Coinbase’s plan to establish an outpost in India may clash with anti-crypto laws

Coinbase’s plan to establish an outpost in India may clash with anti-crypto laws

India is currently on the verge of criminalizing the ownership of cryptocurrencies, and as investors work their way up to exiting the market, the crypto-ecosystem awaits the final turn out of events.

With the implementation of the ban comes the potential shutdown of crypto-related businesses, this is why Coinbase’s plans to expand its services across India has birthed a lot of questions from onlookers. Is Coinbase bold or there is information the public knows nothing about?

Coinbase looks to expand in India

The leading cryptocurrency exchange revealed that it was expanding its business to India, and was looking to hire residents of the country. This is coming after the recent establishment of a branch in Canada. The company’s goal is to hire tech, engineering, and customer support talent to broaden innovation in the country.

“By housing some IT services, including engineering, software development, and customer support operations in India, we will benefit from its huge pool of world-class engineering talent. India has long been known as a hub for engineering and technology innovation.” Coinbase explained, in a blog post.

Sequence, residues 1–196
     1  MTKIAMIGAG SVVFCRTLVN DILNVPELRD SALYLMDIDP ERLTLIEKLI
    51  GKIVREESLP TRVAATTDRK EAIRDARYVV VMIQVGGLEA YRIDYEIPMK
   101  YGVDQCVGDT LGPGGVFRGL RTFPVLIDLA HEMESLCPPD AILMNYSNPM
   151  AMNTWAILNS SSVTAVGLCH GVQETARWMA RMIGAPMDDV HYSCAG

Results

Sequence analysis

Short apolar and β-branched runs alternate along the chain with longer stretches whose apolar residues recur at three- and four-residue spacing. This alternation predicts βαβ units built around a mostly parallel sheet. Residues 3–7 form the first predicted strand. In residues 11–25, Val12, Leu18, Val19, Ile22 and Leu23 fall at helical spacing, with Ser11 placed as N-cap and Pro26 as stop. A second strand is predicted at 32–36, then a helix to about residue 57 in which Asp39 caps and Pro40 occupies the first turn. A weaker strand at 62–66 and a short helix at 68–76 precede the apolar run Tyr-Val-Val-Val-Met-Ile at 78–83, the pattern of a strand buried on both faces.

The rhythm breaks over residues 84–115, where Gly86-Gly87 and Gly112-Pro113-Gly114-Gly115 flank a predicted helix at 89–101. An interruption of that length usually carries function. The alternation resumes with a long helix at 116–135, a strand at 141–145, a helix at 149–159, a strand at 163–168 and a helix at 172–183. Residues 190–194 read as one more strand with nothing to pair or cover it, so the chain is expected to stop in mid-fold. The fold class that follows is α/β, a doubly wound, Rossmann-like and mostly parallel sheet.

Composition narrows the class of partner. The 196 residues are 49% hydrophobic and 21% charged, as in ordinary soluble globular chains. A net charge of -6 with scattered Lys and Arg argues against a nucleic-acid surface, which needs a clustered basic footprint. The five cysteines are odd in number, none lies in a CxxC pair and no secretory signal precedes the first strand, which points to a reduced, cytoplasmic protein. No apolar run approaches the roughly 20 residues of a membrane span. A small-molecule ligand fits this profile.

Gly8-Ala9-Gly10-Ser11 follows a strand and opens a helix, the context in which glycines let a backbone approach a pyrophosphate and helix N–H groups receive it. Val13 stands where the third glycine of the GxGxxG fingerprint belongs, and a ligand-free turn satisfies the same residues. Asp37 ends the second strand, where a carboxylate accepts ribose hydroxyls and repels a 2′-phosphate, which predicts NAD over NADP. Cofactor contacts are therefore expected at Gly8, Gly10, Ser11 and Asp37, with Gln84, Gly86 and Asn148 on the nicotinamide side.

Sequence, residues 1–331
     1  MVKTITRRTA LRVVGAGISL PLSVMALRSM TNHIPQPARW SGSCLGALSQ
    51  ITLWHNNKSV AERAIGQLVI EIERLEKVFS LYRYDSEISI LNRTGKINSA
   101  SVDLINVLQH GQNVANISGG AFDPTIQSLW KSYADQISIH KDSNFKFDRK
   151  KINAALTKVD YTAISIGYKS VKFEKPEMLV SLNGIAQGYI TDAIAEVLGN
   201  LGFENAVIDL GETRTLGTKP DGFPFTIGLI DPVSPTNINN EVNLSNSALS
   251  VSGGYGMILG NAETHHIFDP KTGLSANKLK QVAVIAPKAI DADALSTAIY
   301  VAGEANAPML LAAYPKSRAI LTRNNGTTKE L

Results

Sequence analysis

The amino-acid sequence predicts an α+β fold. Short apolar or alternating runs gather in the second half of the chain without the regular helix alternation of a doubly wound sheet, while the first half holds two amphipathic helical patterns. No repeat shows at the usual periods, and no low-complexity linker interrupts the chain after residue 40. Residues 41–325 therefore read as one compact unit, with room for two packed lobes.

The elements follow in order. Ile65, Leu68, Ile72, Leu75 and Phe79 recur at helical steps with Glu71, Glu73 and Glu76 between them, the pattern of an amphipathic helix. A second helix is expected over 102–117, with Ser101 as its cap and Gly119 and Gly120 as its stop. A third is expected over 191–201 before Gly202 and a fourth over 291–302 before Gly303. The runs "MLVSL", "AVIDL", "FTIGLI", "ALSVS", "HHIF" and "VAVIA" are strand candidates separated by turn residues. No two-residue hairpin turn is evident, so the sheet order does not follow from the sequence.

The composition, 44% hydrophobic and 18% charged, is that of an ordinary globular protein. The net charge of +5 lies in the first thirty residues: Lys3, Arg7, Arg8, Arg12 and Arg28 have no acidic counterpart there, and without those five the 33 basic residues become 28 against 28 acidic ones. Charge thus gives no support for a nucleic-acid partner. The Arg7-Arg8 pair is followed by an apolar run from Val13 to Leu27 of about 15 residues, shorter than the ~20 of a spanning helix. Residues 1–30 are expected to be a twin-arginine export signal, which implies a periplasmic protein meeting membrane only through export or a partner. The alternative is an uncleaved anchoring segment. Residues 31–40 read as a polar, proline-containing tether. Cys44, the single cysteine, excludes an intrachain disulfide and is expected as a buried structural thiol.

Is India going back on its warnings?

Coinbase hiring new employees in India is suggestive of the possibility of the country’s government reconsidering its anti-crypto laws, expected to be implemented later this year. Observers are speculating that the company, which is known for helping some of the biggest tech companies initiate their Bitcoin purchases, may have some positive information about the state of things in the country that the general public is not aware of.


This aligns with the statement from India’s Finance Minister Nirmala Sitharaman, who explained that there is still room for experimenting with digital currencies like Bitcoin, in order to fully understand its upsides and downsides.

However, if the ban is implemented and the company intends to bypass these laws, that might be possible as it intends to prioritize remote work over opening a physical company, although the latter will still be established in the future.

As was explained in the blogpost:

“As we announced earlier this year, Coinbase is committed to being a remote-first company, which means that new hires in India, Canada and elsewhere will have the option to work across various locations in their country of hire. We expect to open a physical office, initially in Hyderabad, for Indian employees as COVID-related conditions allow.”

There’s also a possibility that Coinbase’s business may clash with the country’s laws when fully implemented. The said laws make it illegal to buy, sell, invest and even to send and receive digital currencies. As such, cryptocurrency companies like Coinbase migrating to India leaves a lot of questions about the company’s ability to remain unaffected by these laws while carrying out business unanswered.